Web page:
I did the KonMari thing last year, and my enormous bookshelf that still was too small for my books was a part of what motivated that.

I of course got rid of all books that I knew I would never read again. But that wasn't enough, and so then I tried just getting rid of all the book where it was less than 100% sure I would read them, with just a couple exceptions for books too rare/expensive to easily replace if I change my mind. I got rid of those and the result was a very full bookshelf but which, amazingly, contained nothing but books I would be happy to read at any time.
 
2021-04-22 10:03:34 PM  
I should finish (re-read fully) all those books I stopped three-quarters of the way though.
 
2021-04-22 10:19:43 PM  
When I picture my ideal living space, it includes a wall of books, and a study with walls of books. Sigh. Maybe one day.
 
2021-04-22 10:21:55 PM  
My wife likes a lot of YA books like The Mortal Instruments and The Last Kingdom series.
I have a lot of "pop culture" related books like Bond, Star Wars, zombies....

So while we have 100s of books on our shelves, I don't know if I'd want to do a Today Show Zoom interview in front of it, know what I mean?
 
2021-04-22 10:25:15 PM  

FrancoFile: I made a conscious effort to weed stuff out over the last couple of years.

Old technical books (mostly O'Reilly stuff) for obsolete language versions went into recycling.  Everything else gets donated to the Friends of the Library.


I hate to tell you, but the people outside are homeless.

Still deserving of donations though.

I tend to clean house whenever I move. And I seem to move fairly frequently. Gifts I always keep. And cookbooks are a big favorite. And then good novels, technical books, photography. Who knows.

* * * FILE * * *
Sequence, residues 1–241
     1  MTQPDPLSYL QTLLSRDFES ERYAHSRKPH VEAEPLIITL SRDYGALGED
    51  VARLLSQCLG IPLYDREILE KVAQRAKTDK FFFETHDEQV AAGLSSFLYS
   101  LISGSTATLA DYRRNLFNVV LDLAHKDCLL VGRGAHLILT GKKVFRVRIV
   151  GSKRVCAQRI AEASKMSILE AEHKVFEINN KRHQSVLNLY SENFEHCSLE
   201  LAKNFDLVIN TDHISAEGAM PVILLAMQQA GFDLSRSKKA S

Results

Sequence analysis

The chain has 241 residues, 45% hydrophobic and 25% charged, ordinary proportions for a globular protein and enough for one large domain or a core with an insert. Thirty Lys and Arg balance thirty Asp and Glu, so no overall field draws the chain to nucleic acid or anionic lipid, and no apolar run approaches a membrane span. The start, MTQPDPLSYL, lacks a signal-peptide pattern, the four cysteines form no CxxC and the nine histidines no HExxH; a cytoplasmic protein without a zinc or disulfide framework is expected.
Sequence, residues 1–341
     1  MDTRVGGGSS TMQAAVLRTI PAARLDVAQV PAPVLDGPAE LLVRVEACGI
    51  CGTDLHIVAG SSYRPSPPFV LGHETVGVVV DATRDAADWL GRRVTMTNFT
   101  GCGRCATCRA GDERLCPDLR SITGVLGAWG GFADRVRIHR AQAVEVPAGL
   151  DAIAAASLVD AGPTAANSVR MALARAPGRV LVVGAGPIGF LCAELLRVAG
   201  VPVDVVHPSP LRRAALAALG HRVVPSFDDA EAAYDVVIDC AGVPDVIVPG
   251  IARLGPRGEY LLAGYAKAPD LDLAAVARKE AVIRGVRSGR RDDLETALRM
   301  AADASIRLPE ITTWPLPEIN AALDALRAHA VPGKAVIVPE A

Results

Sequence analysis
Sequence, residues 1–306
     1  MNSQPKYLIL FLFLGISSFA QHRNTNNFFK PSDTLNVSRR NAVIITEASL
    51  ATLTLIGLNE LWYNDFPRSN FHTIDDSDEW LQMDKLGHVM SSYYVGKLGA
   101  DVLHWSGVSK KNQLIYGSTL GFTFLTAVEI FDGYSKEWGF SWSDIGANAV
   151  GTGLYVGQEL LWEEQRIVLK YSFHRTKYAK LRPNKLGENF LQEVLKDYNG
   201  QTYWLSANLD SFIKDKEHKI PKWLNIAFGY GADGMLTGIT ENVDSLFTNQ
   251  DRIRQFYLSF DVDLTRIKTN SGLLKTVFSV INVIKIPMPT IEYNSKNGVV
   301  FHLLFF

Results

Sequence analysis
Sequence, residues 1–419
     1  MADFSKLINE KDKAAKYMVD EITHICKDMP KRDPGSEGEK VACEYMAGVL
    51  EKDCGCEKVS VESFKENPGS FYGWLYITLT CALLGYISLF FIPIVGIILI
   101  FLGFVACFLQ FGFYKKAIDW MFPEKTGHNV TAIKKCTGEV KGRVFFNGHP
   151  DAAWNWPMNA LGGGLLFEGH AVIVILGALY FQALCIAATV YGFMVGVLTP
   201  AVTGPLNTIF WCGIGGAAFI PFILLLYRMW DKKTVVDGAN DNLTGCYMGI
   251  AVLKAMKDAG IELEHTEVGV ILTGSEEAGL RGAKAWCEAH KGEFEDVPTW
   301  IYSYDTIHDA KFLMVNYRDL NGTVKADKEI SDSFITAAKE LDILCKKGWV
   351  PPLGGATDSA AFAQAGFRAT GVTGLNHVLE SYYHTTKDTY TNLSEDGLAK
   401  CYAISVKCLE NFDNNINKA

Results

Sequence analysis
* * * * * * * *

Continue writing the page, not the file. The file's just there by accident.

2021-04-22 11:54:28 PM  
Books on tax law can be used to keep you warm in an emergency. It is known.
 
2021-04-23 1:59:36 AM  
We have culled ruthlessly over the years. The problem is that after so many trips to Powell's, donations to Books for Prisoners, and recycling for books ones that nobody's going to read we are left with ones that are long-term survivors. And there is no space one the walls for more bookcases. It's a problem.
 
2021-04-23 5:10:59 AM  
I've known some committed ranch owners who hadn't had a vacation since they got out of the Service and returned to the ranch.  They didn't dare take time away: who would take over all that stuff that needed doing in their absence?  The only people you'd trust to do that already had ranches of their own that THEY couldn't leave.

Clearing out your books is the same kind of trap. If you sit down and try to start sorting, you'll be re-reading another randomly selected book within ten minutes.  There goes your sorting effort; it's done for the day.